The time and cost that is entailed in litigating matters in the current court system is a concern to many clients, and there are other avenues available for those who are seeking to honor the years spent together in a marriage or committed relationship. It is possible for a couple to amicably decide their issues and to avoid the adversity of litigation in resolving matters such as property division and settlement.
When a claim is made for “Equitable Distribution of Marital Property” (also known as “E.D.”) a Mediated Settlement Conference is ordered by the court. In this process, the parties provide the court with an affidavit regarding the property held at the date of separation and the values of the property (a brochure outlining what to expect during the process of mediation is attached). In this type of mandatory mediation, both of the parties, as well as their attorneys are in attendance. Normally, the parties are required to split the cost of the mediator between them.
Other Options: There are other options available to couples who are separating. These options can include (but are not limited to):
1. Kitchen Table Approach
The parties sitting down together and working issues out between them and then having the agreement drafted into the form of a legal document known as a “Contract of Separation” and/or a “Property Settlement Agreement” by an Attorney;
2. Voluntary Mediation
Scheduling an appointment with a Mediator who can assist the couple in coming up with an agreement that satisfies their needs and then taking that agreement to an Attorney to draft into a “Contract of Separation” and/or a “Property Settlement Agreement.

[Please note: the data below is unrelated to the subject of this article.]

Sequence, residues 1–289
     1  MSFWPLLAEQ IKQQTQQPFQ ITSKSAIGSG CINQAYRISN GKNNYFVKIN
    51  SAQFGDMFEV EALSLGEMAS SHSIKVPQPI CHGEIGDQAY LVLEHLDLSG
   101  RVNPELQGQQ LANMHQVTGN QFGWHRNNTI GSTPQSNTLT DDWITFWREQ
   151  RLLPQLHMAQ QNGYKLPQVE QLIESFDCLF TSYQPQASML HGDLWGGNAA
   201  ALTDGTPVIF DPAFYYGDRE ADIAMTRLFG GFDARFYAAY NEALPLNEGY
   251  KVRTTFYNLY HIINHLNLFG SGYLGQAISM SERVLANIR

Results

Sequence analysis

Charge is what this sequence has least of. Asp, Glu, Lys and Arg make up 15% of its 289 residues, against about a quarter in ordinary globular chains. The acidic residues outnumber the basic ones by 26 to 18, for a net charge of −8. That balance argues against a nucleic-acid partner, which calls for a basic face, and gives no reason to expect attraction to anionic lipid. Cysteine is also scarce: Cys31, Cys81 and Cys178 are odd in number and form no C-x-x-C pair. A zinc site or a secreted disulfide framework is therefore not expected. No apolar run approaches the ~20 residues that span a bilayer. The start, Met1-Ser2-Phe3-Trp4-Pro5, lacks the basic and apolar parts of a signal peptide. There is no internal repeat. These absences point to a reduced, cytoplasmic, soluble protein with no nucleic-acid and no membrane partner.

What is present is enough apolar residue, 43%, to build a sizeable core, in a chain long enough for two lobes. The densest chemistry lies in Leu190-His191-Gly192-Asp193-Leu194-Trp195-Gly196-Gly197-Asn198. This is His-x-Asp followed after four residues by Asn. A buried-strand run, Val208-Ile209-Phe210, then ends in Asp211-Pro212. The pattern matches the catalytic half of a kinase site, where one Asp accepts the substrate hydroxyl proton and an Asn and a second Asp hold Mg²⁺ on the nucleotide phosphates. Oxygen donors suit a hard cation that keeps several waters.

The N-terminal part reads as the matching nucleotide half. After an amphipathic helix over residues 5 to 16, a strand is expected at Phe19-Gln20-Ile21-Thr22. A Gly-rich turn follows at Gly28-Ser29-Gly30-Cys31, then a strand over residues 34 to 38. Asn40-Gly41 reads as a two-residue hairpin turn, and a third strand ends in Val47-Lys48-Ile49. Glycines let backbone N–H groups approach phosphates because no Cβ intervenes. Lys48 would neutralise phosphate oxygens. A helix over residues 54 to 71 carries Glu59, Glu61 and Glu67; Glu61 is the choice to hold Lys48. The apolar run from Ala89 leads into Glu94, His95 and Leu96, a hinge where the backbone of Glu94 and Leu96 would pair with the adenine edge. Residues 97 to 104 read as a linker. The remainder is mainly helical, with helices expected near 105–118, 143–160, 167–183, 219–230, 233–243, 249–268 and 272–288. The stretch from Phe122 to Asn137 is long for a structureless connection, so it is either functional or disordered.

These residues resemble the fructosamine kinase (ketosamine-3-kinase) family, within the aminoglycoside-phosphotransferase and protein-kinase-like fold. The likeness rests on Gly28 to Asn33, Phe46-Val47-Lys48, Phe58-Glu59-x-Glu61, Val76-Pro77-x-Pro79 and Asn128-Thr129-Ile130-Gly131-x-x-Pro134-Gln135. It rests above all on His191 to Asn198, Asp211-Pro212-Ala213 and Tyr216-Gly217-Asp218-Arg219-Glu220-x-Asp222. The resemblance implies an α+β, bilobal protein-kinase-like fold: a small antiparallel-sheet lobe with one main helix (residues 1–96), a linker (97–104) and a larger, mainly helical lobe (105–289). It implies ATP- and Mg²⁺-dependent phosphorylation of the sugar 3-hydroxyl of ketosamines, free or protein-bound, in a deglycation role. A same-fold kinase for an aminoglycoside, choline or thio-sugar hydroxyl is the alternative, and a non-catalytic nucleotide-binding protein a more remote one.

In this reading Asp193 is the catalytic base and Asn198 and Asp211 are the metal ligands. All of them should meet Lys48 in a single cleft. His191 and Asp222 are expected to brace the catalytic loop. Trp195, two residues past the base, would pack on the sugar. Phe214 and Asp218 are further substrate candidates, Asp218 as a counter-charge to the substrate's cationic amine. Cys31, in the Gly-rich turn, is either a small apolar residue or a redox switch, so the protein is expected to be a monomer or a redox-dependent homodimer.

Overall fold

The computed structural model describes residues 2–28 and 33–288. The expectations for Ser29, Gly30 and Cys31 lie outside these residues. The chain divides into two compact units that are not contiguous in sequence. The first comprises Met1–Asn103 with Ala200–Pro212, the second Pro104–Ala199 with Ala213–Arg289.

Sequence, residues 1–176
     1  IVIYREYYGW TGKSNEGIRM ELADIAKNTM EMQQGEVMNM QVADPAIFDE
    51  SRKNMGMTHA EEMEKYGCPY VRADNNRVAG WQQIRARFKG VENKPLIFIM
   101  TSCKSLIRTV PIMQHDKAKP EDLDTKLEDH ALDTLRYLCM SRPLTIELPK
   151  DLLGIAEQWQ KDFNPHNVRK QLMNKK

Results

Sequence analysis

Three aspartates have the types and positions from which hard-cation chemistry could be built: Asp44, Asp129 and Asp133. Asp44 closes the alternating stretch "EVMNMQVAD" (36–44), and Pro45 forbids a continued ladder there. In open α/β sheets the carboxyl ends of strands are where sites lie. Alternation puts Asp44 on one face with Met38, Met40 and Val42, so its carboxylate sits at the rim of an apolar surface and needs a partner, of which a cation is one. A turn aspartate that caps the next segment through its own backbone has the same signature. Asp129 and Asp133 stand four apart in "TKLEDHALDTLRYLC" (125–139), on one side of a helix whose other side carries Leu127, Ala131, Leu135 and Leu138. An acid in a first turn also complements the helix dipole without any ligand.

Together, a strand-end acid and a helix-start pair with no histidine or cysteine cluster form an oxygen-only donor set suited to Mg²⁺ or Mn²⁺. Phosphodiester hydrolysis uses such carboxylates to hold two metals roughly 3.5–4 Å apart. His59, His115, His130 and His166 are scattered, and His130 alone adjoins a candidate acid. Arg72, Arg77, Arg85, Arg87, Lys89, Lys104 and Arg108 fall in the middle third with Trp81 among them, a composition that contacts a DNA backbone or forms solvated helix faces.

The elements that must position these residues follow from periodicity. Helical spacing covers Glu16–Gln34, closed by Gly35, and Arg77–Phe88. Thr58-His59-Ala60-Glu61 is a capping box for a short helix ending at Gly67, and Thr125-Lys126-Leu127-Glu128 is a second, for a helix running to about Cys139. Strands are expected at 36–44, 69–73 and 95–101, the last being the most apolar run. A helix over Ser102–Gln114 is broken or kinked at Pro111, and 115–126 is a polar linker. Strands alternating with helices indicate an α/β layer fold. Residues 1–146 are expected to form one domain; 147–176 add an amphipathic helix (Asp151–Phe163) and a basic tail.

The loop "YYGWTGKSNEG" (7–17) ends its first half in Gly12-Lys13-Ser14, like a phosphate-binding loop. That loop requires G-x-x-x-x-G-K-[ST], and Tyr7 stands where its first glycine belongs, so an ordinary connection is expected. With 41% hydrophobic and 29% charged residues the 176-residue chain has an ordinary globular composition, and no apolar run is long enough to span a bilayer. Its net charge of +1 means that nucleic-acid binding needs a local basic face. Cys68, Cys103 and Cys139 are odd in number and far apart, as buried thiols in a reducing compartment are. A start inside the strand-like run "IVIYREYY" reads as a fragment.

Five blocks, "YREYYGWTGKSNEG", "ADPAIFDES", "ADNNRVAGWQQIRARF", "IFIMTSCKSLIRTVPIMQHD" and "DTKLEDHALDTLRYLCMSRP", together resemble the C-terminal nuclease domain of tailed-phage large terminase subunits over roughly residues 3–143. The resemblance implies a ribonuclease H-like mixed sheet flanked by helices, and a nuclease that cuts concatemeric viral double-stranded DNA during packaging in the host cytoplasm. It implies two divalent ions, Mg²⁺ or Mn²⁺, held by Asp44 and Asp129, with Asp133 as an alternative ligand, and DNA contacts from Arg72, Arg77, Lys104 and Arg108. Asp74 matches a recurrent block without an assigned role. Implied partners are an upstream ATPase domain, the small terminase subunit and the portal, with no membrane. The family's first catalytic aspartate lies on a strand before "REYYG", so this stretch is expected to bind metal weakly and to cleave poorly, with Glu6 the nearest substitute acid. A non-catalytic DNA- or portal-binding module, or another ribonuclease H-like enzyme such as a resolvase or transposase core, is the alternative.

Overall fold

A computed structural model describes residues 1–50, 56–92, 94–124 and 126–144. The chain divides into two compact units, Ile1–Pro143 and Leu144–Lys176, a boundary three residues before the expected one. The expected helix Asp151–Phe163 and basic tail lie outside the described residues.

The parties, with their Attorneys, enter into a “Collaborative Law Contract” in which all agree to use their best efforts to work out the issues of the division of property and other issues between them, without filing a lawsuit. The couple then will employ members of the Collaborative Practice Team, which is a group of Financial Planners, Accountants and others, to provide much-needed services for them jointly
This process is “agreement-driven,” since the arbitration starts out with an agreement between the parties to use arbitration to decide the dispute. Once the parties agree on arbitration, their decision is set out in an arbitration agreement. If there is a case pending, the agreement can take the form of a consent order. In general the arbitrator has the powers and prerogatives of a judge in receiving evidence, hearing testimony and reaching a decision.